Optical coherence tomography (OCT) is a technology developed with federal research funding. Early funding came from the Department of Defense’s Air Force Office of Scientific Research (AFOSR), with significant subsequent investment from the National Institutes of Health (NIH) and the National Science Foundation (NSF). The technology has led to significant cost savings by helping to diagnose conditions that lead to vision loss among patients more efficiently, most notably:
$9 billion: Medicare savings from clinicians using OCT to optimize the injection schedule of anti-VEGF drugs for patients with wet-AMD
$2.2 billion: Wet-AMD patient savings from reduced spending on drug copays
$0.4 billion: Total investment over 20 years made by NIH and NSF
With OCT, devastating diseases like Alzheimer's and Parkinson's can be detected earlier than ever before enlarging the window of opportunity for future treatments.
Bringing the eye doctor to you
New technologies like OCT could one day soon let you take an eye exam while sitting in a department store or with your smartphone.
A better view during surgery
To better guide a surgeon's eyes, technologies like OCT are being brought into the operating room to help a surgeon decide where to operate, and just as importantly, when to stop.
Staying ahead of preemie vision
Pioneering doctors and engineers are working to adapt existing medical technologies like OCT for use in neonatal intensive care units (NICUs). The result? An ability to see in the tiniest of eyes, monitor their fragile development and preserve vision for a long, healthy life.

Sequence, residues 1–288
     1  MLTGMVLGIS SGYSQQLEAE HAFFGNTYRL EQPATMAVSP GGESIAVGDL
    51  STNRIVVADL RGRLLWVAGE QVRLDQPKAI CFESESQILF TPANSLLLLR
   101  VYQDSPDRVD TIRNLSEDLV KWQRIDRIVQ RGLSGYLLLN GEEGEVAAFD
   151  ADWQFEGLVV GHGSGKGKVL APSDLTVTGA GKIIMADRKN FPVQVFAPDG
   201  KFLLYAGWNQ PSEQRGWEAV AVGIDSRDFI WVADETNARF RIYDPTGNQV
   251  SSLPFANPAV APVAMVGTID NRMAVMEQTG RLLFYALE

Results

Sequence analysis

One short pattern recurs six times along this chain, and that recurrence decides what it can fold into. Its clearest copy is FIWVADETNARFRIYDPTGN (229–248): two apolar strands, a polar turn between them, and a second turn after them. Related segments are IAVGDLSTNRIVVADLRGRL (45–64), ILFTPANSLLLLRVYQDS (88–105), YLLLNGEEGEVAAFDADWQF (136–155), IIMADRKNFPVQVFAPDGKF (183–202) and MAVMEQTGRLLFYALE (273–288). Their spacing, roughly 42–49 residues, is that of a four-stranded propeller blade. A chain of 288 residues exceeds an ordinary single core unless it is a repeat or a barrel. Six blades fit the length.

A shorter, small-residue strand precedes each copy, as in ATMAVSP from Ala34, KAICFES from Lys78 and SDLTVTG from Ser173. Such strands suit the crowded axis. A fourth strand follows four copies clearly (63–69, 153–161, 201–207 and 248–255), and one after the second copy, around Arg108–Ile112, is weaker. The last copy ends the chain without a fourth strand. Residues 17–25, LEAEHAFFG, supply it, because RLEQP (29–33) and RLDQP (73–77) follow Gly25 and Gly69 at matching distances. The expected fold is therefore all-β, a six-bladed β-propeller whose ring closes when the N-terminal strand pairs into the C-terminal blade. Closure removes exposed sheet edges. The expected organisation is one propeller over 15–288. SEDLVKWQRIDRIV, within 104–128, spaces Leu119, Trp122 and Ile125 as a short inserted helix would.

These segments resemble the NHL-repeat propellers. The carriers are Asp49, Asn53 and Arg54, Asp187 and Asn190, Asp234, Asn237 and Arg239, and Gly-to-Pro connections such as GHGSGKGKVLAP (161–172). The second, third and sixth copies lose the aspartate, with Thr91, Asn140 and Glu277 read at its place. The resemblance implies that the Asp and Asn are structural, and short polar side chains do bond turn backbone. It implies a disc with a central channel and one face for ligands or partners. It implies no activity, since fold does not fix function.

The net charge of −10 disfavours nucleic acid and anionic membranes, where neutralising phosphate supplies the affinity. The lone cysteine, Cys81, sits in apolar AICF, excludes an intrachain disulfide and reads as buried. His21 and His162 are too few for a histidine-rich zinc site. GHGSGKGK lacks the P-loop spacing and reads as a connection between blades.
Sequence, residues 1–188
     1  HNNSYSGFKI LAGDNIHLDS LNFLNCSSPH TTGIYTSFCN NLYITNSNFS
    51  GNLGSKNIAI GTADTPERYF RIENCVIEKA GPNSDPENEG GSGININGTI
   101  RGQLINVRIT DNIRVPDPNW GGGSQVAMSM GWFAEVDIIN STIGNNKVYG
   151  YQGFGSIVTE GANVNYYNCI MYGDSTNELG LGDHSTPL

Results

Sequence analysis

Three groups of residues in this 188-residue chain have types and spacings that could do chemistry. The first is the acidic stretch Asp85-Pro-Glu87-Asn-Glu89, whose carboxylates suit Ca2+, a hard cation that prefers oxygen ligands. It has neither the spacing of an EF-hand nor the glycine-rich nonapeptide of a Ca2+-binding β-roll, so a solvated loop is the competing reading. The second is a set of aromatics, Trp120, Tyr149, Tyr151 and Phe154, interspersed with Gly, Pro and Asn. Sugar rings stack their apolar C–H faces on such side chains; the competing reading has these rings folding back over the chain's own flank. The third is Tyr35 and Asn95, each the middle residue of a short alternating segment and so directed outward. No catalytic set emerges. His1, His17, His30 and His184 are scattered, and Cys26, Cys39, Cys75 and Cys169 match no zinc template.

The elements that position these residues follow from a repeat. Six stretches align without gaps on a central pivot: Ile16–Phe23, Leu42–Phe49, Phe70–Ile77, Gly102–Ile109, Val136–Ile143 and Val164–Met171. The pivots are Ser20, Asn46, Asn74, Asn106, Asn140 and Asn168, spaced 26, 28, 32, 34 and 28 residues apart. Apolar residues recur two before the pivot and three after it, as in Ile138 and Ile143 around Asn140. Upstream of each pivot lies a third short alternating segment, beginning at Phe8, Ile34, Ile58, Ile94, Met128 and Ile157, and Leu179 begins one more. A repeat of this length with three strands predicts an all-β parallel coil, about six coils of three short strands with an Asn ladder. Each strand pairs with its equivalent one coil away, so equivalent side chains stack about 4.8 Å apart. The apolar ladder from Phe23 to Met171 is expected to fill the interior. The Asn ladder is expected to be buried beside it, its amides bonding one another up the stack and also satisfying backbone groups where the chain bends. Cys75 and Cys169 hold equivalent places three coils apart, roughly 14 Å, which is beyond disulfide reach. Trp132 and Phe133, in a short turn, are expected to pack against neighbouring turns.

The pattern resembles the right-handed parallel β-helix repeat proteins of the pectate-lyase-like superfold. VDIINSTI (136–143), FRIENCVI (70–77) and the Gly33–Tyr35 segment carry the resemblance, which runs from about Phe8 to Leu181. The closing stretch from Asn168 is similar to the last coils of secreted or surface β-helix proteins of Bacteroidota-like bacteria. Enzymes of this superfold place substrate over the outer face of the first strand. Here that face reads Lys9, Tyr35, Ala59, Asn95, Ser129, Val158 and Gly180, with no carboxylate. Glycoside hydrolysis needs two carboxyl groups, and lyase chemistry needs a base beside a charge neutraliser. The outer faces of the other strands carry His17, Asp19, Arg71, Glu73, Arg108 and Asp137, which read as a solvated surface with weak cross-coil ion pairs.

Government funding around the world exists to support the first steps of a technology's development. OCT owes its success in part to taxpayers willing to invest in biomedical research.
Detecting a stealthy disease—glaucoma
Glaucoma is a stealthy, vision-stealing disease that was very hard for doctors to detect before OCT. With this new technology, doctors can diagnose the disease and offer treatment even before a patient notices any vision loss.
Taking the guesswork out of diabetic eye disease
With OCT, doctors no longer have to guess if the vision of a person with diabetes is getting better or worse, and patients can see for themselves images that show how effective they have been in managing their disease.
Catching macular degeneration before vision loss
Thanks to the invention of OCT, doctors can catch age-related macular degeneration (AMD) before vision is lost. With the additional aid of new drugs, AMD can be stopped in its tracks.
Showcasing the ROI of anti-VEGF
Open Access made possible by support from Research to Prevent Blindness.
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